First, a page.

Tuesday, September 27th, 2011

The Chris Christie-Madoff Attack Ad That Writes Itself

In their ever-widening search for somebody who is not Mitt Romney, conservatives are now souring on Rick Perry and turning their desperate, flailing hopes toward Chris Christie. For his part, Christie says he's not running (but Republicans note that he keeps acting the part).

But should the New Jersey governor decide to dive into the shallow end that is the GOP nomination race, here's a lesser known part of his past that might doom him in the general election.

Christie's failings with hard-right Republicans have been well documented. He favors "some of the gun-control measures." He has gone from denying climate-change to an admission that "climate change is real." Maybe most egregiously, he appointed a judge with ties to the Muslim Brotherhood. Also harmful, Christie is both a hippo and a RINO.

Yet, as I discovered while among Michele Bachmann's doomed followers, Christie is still the top name of many conservatives' "dream ticket." Yet, should he enter the race and get past the primary, his chances in the general election are dicey. And there's one particular incident in his past that's practically a gift-wrapped present to Democrats.

Before he was flying in state helicopters to his kid's baseball games, Christie was flying on private jets as part of the law firm Dughi, Hewit & Palatucci, for whom, as a lobbyist, the future governor fought for the rights of Wall Street. In fact, one of Christie's primary lobbying projects on behalf of Wall Street was to win an exemption for securities fraud from New Jersey's Consumer Fraud Act. For those Americans whose 401(k)s have been gouged in the last few years, that won't play well. (The only reason this wasn't much of an issue in his gubernatorial campaign was because his opponent was Jon Corzine, who sucked off Wall Street's teat with even more gusto than Christie.)

But it gets worse for Christie.

In a detail that practically writes its own commercial script, the Wall Street client on whose behalf Christie lobbied was the Securities Industry Association. Which, at that time, was led by one Mr. Bernard Madoff.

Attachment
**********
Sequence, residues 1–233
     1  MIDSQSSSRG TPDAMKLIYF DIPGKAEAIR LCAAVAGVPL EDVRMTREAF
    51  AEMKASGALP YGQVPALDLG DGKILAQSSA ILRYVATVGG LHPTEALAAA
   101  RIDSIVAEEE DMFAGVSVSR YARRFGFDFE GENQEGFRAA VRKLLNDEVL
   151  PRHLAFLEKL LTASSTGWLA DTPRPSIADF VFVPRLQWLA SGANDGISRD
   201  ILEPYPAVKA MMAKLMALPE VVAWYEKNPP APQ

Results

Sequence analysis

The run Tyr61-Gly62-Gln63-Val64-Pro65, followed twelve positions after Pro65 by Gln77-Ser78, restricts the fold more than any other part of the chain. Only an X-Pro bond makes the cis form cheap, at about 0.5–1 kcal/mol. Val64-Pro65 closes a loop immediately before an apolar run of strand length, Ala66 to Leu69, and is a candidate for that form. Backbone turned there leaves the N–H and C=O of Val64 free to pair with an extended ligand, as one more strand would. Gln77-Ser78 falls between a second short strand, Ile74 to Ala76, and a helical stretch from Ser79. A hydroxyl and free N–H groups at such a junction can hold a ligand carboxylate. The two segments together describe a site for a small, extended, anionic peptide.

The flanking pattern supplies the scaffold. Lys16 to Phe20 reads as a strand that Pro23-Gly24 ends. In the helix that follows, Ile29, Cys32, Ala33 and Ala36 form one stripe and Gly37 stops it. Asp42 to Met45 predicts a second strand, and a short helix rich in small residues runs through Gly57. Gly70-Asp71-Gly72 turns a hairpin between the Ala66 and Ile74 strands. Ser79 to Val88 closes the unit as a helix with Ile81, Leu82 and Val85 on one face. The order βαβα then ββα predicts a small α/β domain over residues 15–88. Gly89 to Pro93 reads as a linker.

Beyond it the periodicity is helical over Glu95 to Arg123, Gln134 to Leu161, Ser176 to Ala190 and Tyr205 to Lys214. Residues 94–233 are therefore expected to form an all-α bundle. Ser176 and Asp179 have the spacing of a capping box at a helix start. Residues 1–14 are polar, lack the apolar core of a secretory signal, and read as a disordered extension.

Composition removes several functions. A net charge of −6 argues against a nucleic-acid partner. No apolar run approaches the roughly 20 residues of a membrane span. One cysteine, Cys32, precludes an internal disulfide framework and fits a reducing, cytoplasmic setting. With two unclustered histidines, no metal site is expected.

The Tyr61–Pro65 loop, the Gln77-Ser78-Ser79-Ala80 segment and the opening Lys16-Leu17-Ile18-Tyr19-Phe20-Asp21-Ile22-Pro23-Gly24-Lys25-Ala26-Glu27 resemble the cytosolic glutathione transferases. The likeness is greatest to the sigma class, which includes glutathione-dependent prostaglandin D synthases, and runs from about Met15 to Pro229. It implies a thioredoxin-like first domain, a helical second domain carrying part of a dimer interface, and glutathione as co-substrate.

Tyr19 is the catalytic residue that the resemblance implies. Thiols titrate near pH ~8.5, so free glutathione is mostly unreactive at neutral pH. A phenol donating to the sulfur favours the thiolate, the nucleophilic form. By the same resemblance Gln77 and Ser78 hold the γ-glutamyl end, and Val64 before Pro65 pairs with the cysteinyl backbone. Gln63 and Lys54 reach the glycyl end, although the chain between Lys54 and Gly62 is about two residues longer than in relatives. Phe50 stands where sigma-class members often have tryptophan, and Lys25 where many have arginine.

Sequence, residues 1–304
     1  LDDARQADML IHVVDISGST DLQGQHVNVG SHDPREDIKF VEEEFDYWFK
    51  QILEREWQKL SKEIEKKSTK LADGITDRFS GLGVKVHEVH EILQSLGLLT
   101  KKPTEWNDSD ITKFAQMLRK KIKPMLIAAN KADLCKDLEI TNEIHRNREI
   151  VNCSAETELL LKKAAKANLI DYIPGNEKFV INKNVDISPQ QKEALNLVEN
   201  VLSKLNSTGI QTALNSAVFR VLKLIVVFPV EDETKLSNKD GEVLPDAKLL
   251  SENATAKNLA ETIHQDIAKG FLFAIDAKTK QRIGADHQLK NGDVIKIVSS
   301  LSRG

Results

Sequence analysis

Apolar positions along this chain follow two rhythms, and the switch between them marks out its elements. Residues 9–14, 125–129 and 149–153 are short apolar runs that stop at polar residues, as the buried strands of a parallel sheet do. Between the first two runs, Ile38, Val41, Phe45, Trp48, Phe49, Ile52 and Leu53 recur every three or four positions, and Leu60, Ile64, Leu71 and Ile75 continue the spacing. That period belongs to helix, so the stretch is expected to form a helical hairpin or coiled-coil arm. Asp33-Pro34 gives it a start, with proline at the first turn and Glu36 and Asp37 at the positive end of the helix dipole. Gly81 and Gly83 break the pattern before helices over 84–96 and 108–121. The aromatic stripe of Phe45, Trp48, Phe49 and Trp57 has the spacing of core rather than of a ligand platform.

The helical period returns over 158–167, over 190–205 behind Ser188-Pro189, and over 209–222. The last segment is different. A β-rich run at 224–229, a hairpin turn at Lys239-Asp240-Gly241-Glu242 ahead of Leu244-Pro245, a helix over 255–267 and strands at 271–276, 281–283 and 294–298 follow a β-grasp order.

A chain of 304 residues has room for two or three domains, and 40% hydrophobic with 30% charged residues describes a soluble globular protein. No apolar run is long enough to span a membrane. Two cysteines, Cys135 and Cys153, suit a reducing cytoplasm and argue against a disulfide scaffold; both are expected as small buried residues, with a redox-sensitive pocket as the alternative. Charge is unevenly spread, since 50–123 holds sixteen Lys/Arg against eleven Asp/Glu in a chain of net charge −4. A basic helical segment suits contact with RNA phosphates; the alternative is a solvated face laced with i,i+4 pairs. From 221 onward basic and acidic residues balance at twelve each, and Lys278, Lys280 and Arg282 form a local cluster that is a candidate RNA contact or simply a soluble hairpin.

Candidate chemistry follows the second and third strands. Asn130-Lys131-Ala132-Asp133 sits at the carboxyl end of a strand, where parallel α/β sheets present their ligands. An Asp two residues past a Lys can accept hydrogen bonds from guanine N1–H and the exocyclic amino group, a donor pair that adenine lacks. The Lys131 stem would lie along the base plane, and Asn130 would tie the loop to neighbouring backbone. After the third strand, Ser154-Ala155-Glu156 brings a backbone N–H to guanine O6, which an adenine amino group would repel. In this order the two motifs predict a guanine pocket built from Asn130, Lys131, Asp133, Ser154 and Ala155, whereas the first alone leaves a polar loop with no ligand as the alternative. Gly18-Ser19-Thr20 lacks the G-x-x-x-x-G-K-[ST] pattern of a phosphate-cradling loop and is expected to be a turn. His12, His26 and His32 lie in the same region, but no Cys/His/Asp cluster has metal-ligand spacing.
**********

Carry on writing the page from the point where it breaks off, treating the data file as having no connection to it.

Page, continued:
The bottom line for Obama's communication team: As a lobbyist, Chris Christie worked to remove securities fraud from a consumer fraud act on behalf of an organization run by Bernie Madoff.

It's exactly the kind of scandal that's easy to understand no matter who you are, involves a universally despised villain who has come to represent all the illegality of the 2008 market collapse, and it would be devastating to Christie in much-needed Florida.

Abe Sauer can be reached at abesauer at gmail dot com. He is on Twitter.

Photo by Debby Wong, via Shutterstock.

17 Comments / Post A Comment

Astigmatism (#1,950)


Not yet!

Ham Snadwich (#11,842)

@Astigmatism Seriously, if you blow your load too soon you'll have nothing left when he actually enters the race.

HiredGoons (#603)

Also: from New Jersey.

Aatom (#74)

@HiredGoons Try to resist the low-hanging coglioni.

Mr. B (#10,093)

Among the many things I love about The Awl is its willingness to make Chris Christie fat jokes early and often.

dado (#102)

Fat and Skinny had a race
All around the pillow case
Fat fell down and broke his face
And Skinny won the race.

Or so it's been written.

JoshUng (#11,371)

Fat jokes. Fat jokes are the ad that write themselves, as evidenced by the lack of cleverness that has entered the public space since his entrance into the governor's race.

Why Christie isn't the "dream ticket" the GOP wants is the same reason any northeast republican never seems to be "their guy," they have to adapt a number of "left" ideas to have a shot. NE GOPers are not "real GOP" in the eyes of the rest of the country.

Ham Snadwich (#11,842)

@JoshUng Mostly I agree, but I did see an article that referred to him as "Chris Christie (R – Sandwich)" that made me laugh.

dntsqzthchrmn (#2,893)